Self-defense is an issue of fact to be determined by the jury. Saxton v. State, 804 S.W.2d 910, 913 (Tex. Crim. App. 1991). The State has the burden of persuasion in disproving any evidence of self-defense, but not a burden of production which requires the State to affirmatively refute the self-defense claim. Id. Therefore, in reviewing the sufficiency of the evidence supporting a conviction where a claim of self-defense was raised, we do not look to whether the State presented evidence which refuted the self-defense theory, but rather we determine whether after viewing all the evidence in the light most favorable to the prosecution, any rational trier of fact could have found the essential elements of the offense beyond a reasonable doubt and also would have found against Appellant on the self-defense theory beyond a reasonable doubt. Id. at 914. The standard of review with respect to a self-defense claim, applies to both legal and factual sufficiency reviews. See Juarez v. State, 961 S.W.2d 378, 385 n.5 (Tex. App.- Houston[1st Dist.] 1997, pet. ref'd).
It is undisputed that Officer McCormick did not hit Appellant first. Viewing the evidence in the light most favorable to the verdict, it is apparent that the jury resolved the issue of whether the officer grabbed the front of Appellant's shirt before the assault against Appellant. Therefore, we are left to consider whether the State met its burden of persuasion as to the two remaining theories of self-defense upon which Appellant produced evidence. First, Appellant testified that because of Officer McCormick's reputation as a "hard head," Appellant feared for his life when Officer McCormick told him that he was going to learn to do what the officer ordered. Because the use of force is not justified in response to verbal provocation alone, the State met its burden of persuasion on this theory of self-defense as a matter of law. Next, Appellant testified that Officer McCormick used physical force against him by choking him when he was being restrained on the floor. However, the alleged choking occurred after the assault, and, thus, would not justify self-defense as a defense to the charged assault as a matter of law. We hold that the evidence is not only legally and factually sufficient to show the essential elements of assault of a public servant beyond a reasonable doubt but also legally and factually sufficient to disprove the issue of self-defense beyond a reasonable doubt. Appellant's second issue is overruled.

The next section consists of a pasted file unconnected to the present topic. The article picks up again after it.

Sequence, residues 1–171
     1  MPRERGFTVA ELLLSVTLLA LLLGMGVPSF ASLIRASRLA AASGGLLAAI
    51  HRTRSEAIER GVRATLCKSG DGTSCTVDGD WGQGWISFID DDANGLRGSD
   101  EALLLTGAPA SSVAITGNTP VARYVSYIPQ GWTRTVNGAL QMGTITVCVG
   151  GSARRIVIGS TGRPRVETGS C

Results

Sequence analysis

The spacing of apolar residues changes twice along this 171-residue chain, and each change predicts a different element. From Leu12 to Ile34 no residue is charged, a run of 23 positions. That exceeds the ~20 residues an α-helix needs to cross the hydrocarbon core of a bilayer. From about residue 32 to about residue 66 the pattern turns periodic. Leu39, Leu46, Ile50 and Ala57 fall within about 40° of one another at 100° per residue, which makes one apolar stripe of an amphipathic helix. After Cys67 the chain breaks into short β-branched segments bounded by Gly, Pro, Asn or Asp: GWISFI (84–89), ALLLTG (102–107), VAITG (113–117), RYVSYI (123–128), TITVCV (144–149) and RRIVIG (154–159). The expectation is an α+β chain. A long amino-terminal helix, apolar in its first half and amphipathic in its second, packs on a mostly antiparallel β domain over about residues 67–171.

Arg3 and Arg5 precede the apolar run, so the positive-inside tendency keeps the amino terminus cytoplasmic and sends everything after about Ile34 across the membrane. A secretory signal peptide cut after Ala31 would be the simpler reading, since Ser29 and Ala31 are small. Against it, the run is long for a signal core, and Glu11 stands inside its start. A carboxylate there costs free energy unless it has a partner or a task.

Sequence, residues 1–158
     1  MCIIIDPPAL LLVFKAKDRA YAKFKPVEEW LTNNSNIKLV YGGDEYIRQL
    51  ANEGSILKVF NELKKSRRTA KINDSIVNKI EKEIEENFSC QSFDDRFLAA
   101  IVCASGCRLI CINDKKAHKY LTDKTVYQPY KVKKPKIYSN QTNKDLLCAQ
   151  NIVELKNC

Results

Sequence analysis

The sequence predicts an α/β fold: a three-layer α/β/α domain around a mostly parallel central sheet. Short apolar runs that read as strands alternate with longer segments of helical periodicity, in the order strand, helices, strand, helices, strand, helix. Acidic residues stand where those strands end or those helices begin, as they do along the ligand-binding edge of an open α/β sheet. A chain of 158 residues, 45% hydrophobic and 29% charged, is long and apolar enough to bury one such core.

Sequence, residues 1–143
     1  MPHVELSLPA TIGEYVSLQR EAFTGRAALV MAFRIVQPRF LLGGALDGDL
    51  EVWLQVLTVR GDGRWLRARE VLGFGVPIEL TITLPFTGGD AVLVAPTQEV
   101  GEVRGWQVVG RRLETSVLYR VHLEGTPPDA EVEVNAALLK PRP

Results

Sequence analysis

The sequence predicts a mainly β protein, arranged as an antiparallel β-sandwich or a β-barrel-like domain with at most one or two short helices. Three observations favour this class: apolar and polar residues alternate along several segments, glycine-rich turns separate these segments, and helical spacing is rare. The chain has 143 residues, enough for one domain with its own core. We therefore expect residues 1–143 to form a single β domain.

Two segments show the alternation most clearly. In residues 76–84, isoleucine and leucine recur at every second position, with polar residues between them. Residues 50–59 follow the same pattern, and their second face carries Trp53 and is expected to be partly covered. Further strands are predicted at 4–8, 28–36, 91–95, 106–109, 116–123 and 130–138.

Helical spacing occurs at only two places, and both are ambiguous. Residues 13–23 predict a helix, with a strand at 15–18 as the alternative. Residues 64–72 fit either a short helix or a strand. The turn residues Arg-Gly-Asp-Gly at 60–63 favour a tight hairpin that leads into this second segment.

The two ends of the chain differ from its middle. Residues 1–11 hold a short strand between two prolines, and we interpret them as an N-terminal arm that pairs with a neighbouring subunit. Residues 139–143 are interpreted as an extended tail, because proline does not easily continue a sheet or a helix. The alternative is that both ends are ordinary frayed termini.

Excluded Evidence and Appellant's Right to Confrontation
In his third issue, Appellant contends that the trial court erred by excluding evidence of bias or motive on the part of the complaining witness. Additionally, Appellant argues the evidence should have been admitted to correct a false impression left by Officer McCormick's testimony.
We review a trial court's decision to admit or exclude evidence under an abuse of discretion standard. Weatherred v. State, 15 S.W.3d 540, 542 (Tex. Crim. App. 2000). We will not reverse a trial court as long as its ruling was within the "zone of reasonable disagreement." Id. Error may not be predicated upon a ruling which excludes evidence unless a substantial right of a party is affected and the substance of the evidence was made known to the court by offer of proof or was apparent from the context within which questions were asked. Tex. R. Evid. 103(a); Tex. R. App. P. 44.2(b); Warner v. State, 969 S.W.2d 1, 2 (Tex. Crim. App. 1998).